Bar charts are one of the most common charts in scientific work and they are mostly used to show either frequencies or averages. Depending on how the bars are arranged, a distinction is made between horizontal and vertical bar charts.
Bar chart for frequencies
A bar chart shows absolute and relative frequencies on a two-axis coordinate system.
- Horizontal bar chart: Frequencies are represented by horizontal bars and the y-axis plots the characteristic values.
- Vertical bar chart: Frequencies are represented by vertical bars and the x-axis plots the characteristic values.
Due to the simplicity of bar charts, they are often created in descriptive statistics. They provide a very quick overview of the ranking and frequencies of characteristic values.
Grouped bar charts
If two categorical variables are present, grouped bar charts can be created. In a grouped bar chart, the bars are grouped together. The groups result from the categories of one of the two variables, the categories of the other variable are represented by different colors.
In the example above, the groups were formed with the help of the variable fall consequence and the categories of the variable location are highlighted with different colors. This can of course also be reversed.
In grouped bar charts, either the frequency, the percent, or the percent in each group can be specified.
Bar chart for mean values
Of course, bar charts can be used to display not only frequencies, but also other characteristic values. In addition to frequencies, mean values are very often displayed. For this, a categorical and a metric variable must be present.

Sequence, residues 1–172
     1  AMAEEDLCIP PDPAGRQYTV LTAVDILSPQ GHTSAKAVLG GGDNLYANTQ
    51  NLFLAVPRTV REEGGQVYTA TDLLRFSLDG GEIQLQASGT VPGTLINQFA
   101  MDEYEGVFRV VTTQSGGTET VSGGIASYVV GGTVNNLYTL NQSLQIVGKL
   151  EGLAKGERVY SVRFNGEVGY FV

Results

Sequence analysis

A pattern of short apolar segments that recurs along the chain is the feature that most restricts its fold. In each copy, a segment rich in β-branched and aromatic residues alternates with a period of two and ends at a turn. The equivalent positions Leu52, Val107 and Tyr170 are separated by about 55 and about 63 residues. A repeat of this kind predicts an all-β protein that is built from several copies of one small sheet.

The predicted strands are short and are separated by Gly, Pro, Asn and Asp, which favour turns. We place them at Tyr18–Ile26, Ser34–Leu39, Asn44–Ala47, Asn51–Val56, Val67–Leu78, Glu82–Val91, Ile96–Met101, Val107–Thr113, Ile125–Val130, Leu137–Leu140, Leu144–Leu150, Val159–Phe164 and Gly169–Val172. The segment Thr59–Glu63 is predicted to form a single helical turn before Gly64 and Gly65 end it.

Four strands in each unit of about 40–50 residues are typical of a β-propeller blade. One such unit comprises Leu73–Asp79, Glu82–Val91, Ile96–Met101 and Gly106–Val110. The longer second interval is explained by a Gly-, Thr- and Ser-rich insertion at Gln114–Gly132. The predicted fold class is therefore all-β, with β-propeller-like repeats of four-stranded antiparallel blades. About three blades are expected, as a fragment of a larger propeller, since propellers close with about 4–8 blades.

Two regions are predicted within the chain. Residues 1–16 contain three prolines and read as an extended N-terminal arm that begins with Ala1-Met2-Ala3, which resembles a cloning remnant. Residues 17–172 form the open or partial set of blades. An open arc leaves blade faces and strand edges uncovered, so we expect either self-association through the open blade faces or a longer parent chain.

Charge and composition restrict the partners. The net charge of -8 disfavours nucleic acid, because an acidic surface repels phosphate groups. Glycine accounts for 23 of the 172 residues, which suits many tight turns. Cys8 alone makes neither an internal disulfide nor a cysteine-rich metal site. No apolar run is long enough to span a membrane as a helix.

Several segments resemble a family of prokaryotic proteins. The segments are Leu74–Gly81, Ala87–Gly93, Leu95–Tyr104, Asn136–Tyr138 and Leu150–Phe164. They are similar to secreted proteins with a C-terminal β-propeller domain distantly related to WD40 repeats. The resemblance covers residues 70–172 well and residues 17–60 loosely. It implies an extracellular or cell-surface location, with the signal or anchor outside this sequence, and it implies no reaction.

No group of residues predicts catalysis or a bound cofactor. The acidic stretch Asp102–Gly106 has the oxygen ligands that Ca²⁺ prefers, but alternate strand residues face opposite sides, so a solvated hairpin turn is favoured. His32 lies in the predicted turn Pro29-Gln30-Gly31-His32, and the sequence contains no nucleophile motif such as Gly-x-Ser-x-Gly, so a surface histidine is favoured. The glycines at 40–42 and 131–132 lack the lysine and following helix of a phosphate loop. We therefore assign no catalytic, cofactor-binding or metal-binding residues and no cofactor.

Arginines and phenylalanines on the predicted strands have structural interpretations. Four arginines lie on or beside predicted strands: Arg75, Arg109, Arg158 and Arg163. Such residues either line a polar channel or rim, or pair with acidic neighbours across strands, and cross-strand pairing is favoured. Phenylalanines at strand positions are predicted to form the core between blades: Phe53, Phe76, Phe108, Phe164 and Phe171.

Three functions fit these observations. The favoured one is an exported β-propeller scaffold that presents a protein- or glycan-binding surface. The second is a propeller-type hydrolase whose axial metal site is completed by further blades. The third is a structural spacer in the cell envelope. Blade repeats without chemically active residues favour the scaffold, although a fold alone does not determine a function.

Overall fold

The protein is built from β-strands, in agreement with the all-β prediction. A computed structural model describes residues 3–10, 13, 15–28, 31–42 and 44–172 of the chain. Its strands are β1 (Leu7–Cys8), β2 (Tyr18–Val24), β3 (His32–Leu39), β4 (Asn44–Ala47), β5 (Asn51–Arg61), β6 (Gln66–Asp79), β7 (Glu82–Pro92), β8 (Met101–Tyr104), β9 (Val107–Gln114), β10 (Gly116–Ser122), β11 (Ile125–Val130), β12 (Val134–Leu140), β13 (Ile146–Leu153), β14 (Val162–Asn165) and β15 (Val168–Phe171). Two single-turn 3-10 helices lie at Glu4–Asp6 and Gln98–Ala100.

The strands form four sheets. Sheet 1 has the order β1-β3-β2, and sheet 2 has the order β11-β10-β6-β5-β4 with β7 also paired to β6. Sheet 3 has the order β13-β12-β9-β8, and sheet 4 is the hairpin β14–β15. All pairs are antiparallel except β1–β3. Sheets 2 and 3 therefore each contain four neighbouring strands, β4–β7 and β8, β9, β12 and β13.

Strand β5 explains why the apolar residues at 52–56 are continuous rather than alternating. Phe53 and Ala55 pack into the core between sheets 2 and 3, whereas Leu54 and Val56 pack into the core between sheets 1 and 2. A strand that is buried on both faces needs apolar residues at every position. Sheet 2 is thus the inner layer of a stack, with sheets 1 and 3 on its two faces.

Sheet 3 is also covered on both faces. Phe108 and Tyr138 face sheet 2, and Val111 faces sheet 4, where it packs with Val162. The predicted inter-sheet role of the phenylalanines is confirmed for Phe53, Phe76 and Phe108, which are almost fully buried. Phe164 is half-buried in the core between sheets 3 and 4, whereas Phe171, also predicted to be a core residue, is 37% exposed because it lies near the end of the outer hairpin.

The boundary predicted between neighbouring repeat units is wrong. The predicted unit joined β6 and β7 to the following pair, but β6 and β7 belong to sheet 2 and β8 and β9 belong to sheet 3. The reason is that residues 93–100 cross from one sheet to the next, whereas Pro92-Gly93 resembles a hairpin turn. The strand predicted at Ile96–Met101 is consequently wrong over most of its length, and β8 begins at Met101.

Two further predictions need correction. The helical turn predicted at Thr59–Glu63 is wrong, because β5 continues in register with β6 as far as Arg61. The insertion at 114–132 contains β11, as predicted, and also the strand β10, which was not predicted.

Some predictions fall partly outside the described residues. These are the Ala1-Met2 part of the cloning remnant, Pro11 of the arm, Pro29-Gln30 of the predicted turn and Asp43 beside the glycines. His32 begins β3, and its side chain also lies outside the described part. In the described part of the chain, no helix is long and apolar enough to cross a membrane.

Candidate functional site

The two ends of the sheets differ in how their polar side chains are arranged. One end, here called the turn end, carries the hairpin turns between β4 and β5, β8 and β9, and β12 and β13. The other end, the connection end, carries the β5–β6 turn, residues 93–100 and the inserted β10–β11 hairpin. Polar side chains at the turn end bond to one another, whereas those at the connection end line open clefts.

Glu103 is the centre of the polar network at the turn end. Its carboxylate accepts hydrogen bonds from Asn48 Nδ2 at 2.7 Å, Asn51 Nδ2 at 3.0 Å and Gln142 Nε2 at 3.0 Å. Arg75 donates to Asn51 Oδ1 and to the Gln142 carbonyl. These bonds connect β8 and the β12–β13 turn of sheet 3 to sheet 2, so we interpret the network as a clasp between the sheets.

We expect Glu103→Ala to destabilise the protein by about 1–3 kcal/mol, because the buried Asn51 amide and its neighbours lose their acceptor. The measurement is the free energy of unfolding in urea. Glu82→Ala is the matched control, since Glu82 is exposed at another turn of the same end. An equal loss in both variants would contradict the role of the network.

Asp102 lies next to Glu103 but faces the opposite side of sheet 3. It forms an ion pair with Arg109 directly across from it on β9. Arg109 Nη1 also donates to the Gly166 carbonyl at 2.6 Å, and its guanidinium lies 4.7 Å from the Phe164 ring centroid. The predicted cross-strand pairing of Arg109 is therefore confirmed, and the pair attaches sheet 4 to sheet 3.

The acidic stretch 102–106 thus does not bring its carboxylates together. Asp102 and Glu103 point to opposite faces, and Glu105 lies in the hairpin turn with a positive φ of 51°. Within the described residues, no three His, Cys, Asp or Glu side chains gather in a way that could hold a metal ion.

Error bars are a graphical representation of the scatter of data. With error bars you can see how accurate your measurement is and get an overview of the range of your data!
Error bars are drawn in graphs as vertical lines above and below the measured value. The error bar is usually calculated using the standard error, standard deviation or 95% confidence interval.
Example bar chart
The procedure for creating a bar chart with DATAtab is now explained in more detail using an example. The example assumes that in a course on statistics, the participants were asked which make of car they drive. The results can be presented clearly and easily in a bar chart:
This is how it works in DATAtab: In the Statistic Calculator you can easily create a bar chart for your data. To do this, copy your data into the table of the Statistics Calculator, click on Descriptive Statistics and select your variables.
If there is an additional categorical variable, DATAtab can display this information with additional bars with a different coloring. If, for example, the gender is also known as another variable, the results can be displayed as follows. The blue bars refer here to the "male", the orange bars describe the information of the "female".
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